Saturday, 13 September 2014

A celebration of the life of Colm Wynne (1944 – 2014)

Colm Wynne (1944-2014)
Some of you may have noticed that my usual weekly post failed to appear on Saturday 30th August. Our family was sadly attending the funeral of my most wonderful uncle, Colm Wynne, who lost his battle with cancer on 28th August 2014. Colm left us that day to help my darling brother Sé (pronounced Shay) celebrate his 35th birthday. No doubt, Uncle Colm drank a glass, or two, of his favourite Hennessy X.O. at the celebrations that ensued. Heaven only knows what Sé’s tipple of choice might have been, but I'm sure it was a truly joyous occasion! 

Both are greatly missed.

At Colm’s funeral mass, my amazing cousin, Aileen Wynne, read this beautiful and moving eulogy that she had written for her father. 

‘Colm, my dad, was a great guy, as is shown by the overwhelming numbers of friends and visitors to the hospital, the hospice, here today, and last evening.  We, as a family, are very grateful for all of this support.

Colm was born in 1944 and lost his father way too young, when he was 16. As a result, he spent his life living with strong women - six sisters, his mother, maiden aunt and a housekeeper. For a quiet life he married my mother, then decided it was too quiet and had four daughters, and of course his beautiful granddaughter whom he cherished and adored.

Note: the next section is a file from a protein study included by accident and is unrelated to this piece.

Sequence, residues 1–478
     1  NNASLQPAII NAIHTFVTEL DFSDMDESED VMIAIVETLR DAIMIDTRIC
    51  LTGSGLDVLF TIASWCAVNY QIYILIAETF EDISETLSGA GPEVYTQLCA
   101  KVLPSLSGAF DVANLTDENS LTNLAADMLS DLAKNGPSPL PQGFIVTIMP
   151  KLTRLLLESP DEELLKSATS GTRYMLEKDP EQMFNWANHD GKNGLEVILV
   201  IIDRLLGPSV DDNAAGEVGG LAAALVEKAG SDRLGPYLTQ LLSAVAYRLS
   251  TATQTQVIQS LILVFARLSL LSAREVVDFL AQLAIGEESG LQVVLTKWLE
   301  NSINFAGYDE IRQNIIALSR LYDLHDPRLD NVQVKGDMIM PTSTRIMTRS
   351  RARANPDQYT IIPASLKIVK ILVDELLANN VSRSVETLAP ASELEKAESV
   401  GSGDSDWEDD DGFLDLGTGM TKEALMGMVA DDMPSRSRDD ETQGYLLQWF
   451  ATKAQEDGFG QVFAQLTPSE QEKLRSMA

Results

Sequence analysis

Dad was a man who gave everything to whatever he was doing at the time. One major passion in his life was ballroom dancing. This is where he met my mother. She was not impressed by the arrogant git who cut in front of the boy she was about to dance with. His persistence paid off and she eventually realised he wasn’t so bad after all. They married in 1970.  Many of the dancers here have known him longer than us.

Colm started work in the Hire Purchase Company of Ireland, later known as AIF and AIB Finance & Leasing. He’s had many events and adventures during his life there. In 1972, his life was changed dramatically, not just by the birth of his eldest daughter, but by a change in job from 'Bank Clerk' to 'Systems Analyst'. This was where he got his love of technology and a great outlet for his inner nerd. He joined the Irish Computer Society and their Fellows’ Luncheon was one of the highlights of his social calendar, even up to this year when he had to attend in his wheelchair.